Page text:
The new center will initially have 12 children and a staff of 16 and we expect to grow to 18 children and a 30-person staff. Opening a center in Plymouth will have a positive effect on the availability of services in Northern Indiana. Once the new center opens, Gregg notes that the Plymouth-area families enrolled at the Mishawaka and Warsaw locations will be transferring to the Plymouth locations. This will in turn free spots at our Mishawaka and Warsaw locations to serve more families in those areas.

Families now have more options than ever before for providers of autism treatment. Amongst these providers, Lighthouse has emerged as a leader in autism therapy in Northern Indiana. “Through the opening of our center in Plymouth, it is our hope to continue our mission of bringing quality, center-based therapy to communities who are in need of ABA services,” said Gregg.

To read the entire Spring 2015 edition of The Autism Beacon click here.

Find a Center Near You

Interested in finding an autism center near you? Click Find a Center below to view a full list of current autism therapy centers.

New Hubs Established for Early Diagnosis of Autism

The earlier a child is diagnosed with autism or developmental delays, the sooner intervention services can start. It’s during this time of rapid brain growth and plasticity that it can help a child the most.

To increase the number of area children who would benefit from early intervention, the Indiana University School of Medicine formed a partnership with Riley Children’s Foundation. Together, they opened Early Evaluation services for autism spectrum disorder and developmental delay at six Indiana locations in South Bend, Lafayette, Bloomington, New Albany, Evansville, and Fort Wayne. Additional sites are planned for later this year.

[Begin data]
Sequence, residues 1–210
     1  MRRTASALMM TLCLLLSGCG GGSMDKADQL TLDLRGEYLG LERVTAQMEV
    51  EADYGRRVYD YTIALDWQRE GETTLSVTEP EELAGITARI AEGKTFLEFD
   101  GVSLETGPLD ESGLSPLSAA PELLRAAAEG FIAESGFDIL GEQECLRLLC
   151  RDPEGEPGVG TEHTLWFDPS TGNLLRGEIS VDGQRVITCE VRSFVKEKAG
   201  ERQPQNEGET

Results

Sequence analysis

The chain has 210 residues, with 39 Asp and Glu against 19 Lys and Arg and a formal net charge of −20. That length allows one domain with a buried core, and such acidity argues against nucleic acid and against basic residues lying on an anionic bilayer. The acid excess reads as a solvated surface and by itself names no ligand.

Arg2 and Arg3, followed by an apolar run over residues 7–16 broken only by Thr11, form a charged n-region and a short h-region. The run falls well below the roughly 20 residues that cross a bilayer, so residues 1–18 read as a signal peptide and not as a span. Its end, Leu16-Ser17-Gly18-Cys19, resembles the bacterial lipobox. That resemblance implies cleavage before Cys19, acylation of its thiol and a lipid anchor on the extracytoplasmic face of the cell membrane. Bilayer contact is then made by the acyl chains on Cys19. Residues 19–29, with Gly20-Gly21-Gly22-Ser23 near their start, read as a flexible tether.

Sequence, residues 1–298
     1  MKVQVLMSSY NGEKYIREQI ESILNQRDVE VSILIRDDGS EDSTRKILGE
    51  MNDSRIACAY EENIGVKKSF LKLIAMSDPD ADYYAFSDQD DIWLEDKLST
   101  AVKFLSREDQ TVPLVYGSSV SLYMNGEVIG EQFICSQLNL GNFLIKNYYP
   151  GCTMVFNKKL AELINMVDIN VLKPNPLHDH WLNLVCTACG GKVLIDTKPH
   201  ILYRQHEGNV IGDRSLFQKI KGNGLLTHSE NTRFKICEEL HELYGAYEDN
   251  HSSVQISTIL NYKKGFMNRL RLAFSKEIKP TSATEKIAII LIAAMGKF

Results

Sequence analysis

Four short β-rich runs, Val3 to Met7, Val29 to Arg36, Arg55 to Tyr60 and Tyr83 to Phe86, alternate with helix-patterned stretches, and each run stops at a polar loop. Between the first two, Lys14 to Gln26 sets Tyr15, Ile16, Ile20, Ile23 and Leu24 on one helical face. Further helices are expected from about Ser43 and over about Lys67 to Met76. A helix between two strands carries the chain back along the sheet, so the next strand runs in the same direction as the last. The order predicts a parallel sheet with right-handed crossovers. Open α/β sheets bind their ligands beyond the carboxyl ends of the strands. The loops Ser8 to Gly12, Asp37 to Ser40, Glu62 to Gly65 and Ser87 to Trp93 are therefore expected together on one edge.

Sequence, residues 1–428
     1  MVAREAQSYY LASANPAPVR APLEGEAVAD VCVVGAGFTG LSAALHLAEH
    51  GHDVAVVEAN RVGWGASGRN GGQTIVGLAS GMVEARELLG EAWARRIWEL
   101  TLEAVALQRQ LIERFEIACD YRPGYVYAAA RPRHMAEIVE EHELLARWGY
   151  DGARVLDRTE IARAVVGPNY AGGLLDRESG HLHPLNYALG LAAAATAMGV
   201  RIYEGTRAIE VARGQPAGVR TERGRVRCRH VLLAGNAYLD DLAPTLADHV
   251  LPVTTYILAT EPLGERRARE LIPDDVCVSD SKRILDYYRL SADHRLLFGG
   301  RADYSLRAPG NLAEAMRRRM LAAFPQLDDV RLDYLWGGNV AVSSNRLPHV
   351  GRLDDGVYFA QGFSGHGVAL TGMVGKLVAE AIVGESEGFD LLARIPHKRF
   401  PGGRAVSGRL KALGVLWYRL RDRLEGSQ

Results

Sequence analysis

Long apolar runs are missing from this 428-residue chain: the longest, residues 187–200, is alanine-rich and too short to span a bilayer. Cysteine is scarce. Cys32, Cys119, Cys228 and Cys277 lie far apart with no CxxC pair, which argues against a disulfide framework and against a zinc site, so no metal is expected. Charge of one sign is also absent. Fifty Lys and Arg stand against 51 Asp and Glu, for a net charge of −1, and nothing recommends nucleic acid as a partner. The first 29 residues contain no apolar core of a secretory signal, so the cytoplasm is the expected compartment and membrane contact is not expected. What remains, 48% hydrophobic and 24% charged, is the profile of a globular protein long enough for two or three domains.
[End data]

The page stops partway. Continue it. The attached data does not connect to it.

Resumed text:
The services they provided are part of the Neurodevelopmental and Behavioral System (NDBS), a model developed by faculty at the IU School of Medicine. This offers a solution to the need for high quality health care for children in Indiana with neurodevelopmental and behavioral disorders.

According to the Center for Disease Control and Prevention, about one in 68 children are diagnosed with autism in the United States – an overall increase of 30 percent from 2012. In Indiana, the average age of diagnosis is 5.3 years, but early screening with referral for evaluation and diagnosis can occur by age 18 months.

To meet this growing need, diagnostic services are now available for children who have been identified in early screenings as having concerns for developmental delay or autism. The criteria for evaluation appointments are:

  • Child must be 18-42 months of age
  • Child must have primary care physician
  • Primary physician must identify concern based on standardized screening tools (often ASQ and/or MCHAT)

To read the entire Spring 2015 edition of The Autism Beacon click here.

Together, we can unlock your child’s potential

Heart of the Matter – Spring 2015

At Lighthouse Autism Center, we strive to provide quality ABA treatment for all those who are in need. By placing our focus on each child and their parents, we do everything we can to make a positive difference in their lives.

Yet, even with a dedicated, highly trained, and committed team of clinicians, there are some families who need assistance beyond Lighthouse. hey may be too old, may not need ABA therapy, or, Lighthouse may not be a good fit for them. No matter the reason, they still need assistance in other ways, and providing needed assistance is what we’re all about.